“On a long enough timeline, the survival rate drops to zero.” — Tyler Durden For those that have either read Fight Club or watched the movie, you are familiar with that quote. Of course, we are not talking about real death here, but we are talking about the death of a
As we come to a close with our platoon advantage series it pays to take a step back and look at the whole series in the big picture. What the platoon advantage really does is offer you another strategy in how to use your bench. There are a few major
Millions of people bought Moneyball and millions of others watched the movie. Many of them came away with the idea that the revolution in analytics was all about on base percentage. They were wrong. If you even generalized that to looking at offense differently you would still be wrong. The
Unfortunately, the rules involving outfielders changes with the platform your league is set up through. Some major websites break them down into their individual outfield positions while others categorize them as generic outfielders. I have broken them up into separate positions because it easier to backtrack from the specific to
I hate closers. Okay, maybe that is a bit extreme. It’s not like I send hate mail to Craig Kimbrel and Mariano Rivera. I hate the idea of closers. Of course, my hatred for closers probably shouldn’t have much to do with your draft strategy as it pertains to closers.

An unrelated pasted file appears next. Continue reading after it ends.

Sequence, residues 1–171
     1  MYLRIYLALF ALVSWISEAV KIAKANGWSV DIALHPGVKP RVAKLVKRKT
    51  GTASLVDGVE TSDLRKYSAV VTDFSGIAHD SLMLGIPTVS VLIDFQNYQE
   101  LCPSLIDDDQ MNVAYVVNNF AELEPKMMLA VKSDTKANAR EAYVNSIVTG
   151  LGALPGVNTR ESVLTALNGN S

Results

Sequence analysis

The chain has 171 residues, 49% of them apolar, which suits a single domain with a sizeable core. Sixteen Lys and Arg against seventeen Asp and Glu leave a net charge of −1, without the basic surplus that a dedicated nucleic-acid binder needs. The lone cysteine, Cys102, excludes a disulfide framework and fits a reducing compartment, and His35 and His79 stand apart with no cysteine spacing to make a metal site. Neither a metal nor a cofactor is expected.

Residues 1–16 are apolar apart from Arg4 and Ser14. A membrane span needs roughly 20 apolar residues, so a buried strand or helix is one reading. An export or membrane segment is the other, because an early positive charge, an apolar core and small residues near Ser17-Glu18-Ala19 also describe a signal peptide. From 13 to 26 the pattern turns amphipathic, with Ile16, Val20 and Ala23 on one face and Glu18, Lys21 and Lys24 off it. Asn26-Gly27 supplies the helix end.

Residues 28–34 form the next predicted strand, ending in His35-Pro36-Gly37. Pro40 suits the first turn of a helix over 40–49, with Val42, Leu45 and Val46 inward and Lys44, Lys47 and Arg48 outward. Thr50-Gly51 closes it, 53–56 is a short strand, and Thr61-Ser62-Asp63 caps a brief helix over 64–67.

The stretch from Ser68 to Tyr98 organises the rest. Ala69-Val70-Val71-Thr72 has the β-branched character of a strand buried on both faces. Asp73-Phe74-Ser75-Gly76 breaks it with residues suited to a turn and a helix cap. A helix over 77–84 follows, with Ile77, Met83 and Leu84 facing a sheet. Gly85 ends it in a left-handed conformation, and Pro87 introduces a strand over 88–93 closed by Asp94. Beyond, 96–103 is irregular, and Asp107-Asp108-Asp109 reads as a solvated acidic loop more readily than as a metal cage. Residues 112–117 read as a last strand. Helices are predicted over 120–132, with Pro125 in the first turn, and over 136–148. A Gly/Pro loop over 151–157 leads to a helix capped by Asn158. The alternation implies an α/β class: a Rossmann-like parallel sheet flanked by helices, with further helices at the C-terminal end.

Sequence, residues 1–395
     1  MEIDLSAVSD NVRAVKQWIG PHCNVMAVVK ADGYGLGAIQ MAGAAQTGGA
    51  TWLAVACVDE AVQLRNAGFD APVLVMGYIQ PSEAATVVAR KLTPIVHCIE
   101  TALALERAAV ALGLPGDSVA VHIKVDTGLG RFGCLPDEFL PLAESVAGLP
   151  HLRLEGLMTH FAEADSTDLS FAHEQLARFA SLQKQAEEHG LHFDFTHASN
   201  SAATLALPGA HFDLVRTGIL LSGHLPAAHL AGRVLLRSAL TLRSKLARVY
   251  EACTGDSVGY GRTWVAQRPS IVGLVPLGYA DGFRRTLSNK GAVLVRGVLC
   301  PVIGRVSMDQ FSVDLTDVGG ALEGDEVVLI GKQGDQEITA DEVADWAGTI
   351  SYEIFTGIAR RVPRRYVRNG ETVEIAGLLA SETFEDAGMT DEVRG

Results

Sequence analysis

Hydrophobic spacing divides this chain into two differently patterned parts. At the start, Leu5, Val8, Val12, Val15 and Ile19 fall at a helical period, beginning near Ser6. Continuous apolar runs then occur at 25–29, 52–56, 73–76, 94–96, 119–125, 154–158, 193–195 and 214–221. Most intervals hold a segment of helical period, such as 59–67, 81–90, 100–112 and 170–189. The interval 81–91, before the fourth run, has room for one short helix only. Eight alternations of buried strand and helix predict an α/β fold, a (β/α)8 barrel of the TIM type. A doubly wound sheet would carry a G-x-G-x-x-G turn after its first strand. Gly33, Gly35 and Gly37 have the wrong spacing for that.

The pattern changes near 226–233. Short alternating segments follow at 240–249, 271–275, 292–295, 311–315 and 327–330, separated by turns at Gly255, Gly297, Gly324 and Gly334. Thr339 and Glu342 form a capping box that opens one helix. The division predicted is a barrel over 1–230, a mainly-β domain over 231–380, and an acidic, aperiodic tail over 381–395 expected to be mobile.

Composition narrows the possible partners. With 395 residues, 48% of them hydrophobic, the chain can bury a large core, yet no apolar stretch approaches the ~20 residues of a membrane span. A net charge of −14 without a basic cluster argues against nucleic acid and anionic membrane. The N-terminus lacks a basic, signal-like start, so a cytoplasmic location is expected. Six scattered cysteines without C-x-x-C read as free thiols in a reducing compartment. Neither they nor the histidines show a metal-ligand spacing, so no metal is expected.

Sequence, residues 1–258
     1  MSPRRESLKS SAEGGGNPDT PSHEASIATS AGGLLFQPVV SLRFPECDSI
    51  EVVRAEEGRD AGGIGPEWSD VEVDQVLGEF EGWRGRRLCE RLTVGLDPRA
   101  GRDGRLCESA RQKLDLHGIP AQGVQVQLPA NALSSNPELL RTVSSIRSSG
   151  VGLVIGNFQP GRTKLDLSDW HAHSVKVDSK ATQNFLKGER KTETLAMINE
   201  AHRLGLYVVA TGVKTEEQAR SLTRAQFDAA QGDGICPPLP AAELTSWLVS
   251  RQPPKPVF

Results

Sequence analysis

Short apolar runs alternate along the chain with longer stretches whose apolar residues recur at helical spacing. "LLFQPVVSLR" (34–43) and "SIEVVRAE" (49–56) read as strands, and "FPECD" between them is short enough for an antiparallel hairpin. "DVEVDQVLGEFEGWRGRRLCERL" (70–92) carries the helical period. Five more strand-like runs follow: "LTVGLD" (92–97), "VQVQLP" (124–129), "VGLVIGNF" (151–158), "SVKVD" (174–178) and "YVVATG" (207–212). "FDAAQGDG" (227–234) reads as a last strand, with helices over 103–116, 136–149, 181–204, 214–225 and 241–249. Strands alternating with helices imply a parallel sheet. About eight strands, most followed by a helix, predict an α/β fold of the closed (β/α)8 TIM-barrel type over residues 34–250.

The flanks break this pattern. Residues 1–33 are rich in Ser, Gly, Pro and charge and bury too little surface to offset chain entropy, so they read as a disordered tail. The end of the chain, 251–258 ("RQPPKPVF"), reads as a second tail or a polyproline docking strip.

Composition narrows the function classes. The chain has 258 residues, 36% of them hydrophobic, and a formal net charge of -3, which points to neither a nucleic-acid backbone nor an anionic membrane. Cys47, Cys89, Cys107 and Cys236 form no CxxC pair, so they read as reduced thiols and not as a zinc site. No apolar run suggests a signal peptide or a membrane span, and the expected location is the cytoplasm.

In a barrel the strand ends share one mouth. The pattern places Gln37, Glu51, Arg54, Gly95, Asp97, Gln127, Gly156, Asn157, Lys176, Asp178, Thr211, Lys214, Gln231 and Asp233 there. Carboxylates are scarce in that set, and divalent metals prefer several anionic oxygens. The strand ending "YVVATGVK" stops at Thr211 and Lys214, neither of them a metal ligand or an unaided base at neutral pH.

As we continue through our platoon advantage series, it pays to keep in mind a few simple rules of thumb when using this information to build roster. First and foremost, it is information. I am often surprised myself when I look up the information on all of these players. Bill
There is a governing rule in the radio business that your listening audience turns over every ten to fifteen minutes. Some people get in the car and some people get out of the car. So, you have to reset your conversation every now and then just to keep the new
Second base provides its own unique opportunities for a platoon advantage. If you have been following the series you know we have a few rules of thumb that guide us throughout the draft process. If we can provide balanced good production then we avoid the platoon if we possibly can.
Those that have been following my index series will notice how I treat starting pitchers differently. We should note this before we move onto the “grand table” as I am want to call it. Pitching is the most difficult position to get a handle on in fantasy baseball and in
When one considers the platoon advantage, it pays to consider your roster the same as a typical general manager would. That is, you only have limited spots, so you must save your platoon bullets where they will do the most good. Therefore, the discerning fantasy player should consider the following